How 2023 Consumer Holiday Spending Shaped the Last Quarter | Breakthrough

6 mins

Freight Market Update: How 2023 Consumer Holiday Spending Shaped the Last Quarter

Peyton Jack


Peyton Jack
January 22, 2024


The holiday shopping season, more so than any other singular event in a year, has an outsized impact on freight flows in North America. Whether it’s the rebuilding of inventories in Q1, peak import season in Q3, or the scramble to get and keep products on shelves in Q4, a large portion of freight volumes is the direct result of preparations for and responses to holiday shopping in November and December. As the dust settles from 2023’s holiday season, we provide a freight market update to show how the spending patterns of consumers shaped freight market conditions in the previous quarter and how shippers can better prepare for the freight market in the first half of 2024 and beyond.

2023 holiday spending meets National Retail Federation’s expectations

The 2023 holiday shopping season was expected to be a return to more typical consumer spending growth following 2020 and 2021’s record-setting numbers and 2022’s pullback from consumers. The National Retail Federation (NRF) forecasted holiday spending to grow between 3% and 4% in 2023, not adjusting for inflation. Their measure of holiday spending is retail sales, as reported by the U.S. Census Bureau, excluding food service spending, automotives and parts dealers, and gasoline stations. In nominal dollars, this forecast appears to have been accurate with actual holiday spending growing 2.5% in November and 1.6% in December. However, when adjusted for inflation, the NRF’s preferred measure dropped 1.1% during the final two months of 2023.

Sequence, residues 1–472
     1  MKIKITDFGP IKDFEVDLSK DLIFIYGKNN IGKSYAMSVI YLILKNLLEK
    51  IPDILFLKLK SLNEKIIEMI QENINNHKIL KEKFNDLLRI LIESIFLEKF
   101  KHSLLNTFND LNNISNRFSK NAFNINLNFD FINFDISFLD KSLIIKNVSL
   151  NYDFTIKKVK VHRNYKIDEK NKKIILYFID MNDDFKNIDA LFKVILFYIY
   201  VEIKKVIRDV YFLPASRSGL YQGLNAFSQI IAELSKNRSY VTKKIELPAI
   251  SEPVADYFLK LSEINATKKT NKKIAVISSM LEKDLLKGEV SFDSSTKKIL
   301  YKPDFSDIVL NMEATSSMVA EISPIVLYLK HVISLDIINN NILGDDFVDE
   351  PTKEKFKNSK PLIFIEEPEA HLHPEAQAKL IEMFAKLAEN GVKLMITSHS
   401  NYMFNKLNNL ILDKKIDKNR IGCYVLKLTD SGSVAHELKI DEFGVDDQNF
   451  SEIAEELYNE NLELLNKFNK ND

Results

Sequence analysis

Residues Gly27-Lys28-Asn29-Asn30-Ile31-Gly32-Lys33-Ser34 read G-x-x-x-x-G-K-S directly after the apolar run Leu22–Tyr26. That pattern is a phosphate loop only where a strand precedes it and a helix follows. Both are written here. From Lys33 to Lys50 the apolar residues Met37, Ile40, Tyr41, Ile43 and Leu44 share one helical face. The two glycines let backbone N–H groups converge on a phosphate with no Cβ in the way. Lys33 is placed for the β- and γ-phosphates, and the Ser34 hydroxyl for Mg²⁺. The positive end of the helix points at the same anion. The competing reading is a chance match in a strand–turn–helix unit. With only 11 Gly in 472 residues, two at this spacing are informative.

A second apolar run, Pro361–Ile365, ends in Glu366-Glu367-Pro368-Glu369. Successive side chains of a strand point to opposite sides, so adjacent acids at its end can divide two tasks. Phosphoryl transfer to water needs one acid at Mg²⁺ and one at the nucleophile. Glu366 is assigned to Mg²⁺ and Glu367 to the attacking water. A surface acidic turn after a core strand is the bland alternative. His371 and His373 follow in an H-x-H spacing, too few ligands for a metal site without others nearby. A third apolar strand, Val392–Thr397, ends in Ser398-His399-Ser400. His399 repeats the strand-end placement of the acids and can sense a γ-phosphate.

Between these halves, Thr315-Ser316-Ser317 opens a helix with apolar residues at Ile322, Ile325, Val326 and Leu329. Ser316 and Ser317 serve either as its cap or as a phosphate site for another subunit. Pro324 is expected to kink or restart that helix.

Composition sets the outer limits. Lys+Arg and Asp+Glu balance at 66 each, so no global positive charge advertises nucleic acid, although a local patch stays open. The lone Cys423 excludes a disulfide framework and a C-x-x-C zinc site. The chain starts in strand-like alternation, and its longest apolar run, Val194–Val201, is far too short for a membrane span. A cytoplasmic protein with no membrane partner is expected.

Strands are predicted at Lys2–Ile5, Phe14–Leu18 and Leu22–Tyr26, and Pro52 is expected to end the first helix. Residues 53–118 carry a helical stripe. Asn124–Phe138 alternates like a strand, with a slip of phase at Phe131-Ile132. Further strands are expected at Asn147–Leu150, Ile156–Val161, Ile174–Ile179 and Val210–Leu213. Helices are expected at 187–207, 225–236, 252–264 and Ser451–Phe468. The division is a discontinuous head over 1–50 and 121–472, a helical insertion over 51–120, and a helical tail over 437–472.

Yet total North American freight volumes depend on much more than this narrow slice of retail, and several real, inflation-adjusted spending metrics provide reasons to be optimistic for a recovery in freight volumes in 2024. Real spending on all goods increased 3.6% year-over-year in November, a level of growth that is very close to its pre-pandemic average of 4.0%. Additionally, real retail and food service sales, excluding gasoline purchases, rose 2.1% in November and 3.3% in December over 2022 levels.

In the Breakthrough Ecosystem, freight volumes during the final quarter of 2023 remained down on a year-over-year basis but continued to trend back towards positive growth territory. Total Q4 volumes were down 4.2%, a marked improvement from Q3’s 8.3% decline. On another encouraging note, volumes among paper and packaging shippers increased 12.3% in Q4 and retail shipments, although still negative for the quarter, fell just 0.7% from year-ago levels in December. Shipments in the retail segment experienced double-digit percent declines for much of 2023.

Inventory replenishment drives an increase in freight volumes in the new year

With goods spending, in particular retail spending, remaining strong through the holidays, the need to replenish inventories could provide near-term support for freight volumes in Q1 2024. Retailers struggled with excess inventories in 2022 and it’s likely that many retailers adopted a wait-and-see approach for inventory decisions in 2023 as uncertainty surrounding consumers’ ability to spend remained high given the variety of economic headwinds impacting the U.S. economy. However, as of November, the inventory to sales ratio for retailers, excluding motor vehicles and parts dealers, remained 4.8% below the 2019 average. While December’s inventory data is not available yet, it seems likely that strong consumer spending during the holidays coupled with the slack in the retail inventory to sales ratio could result in widespread inventory replenishment in Q1. This is something we have not experienced the last 2 years, and it could provide a boost to volumes in the new year.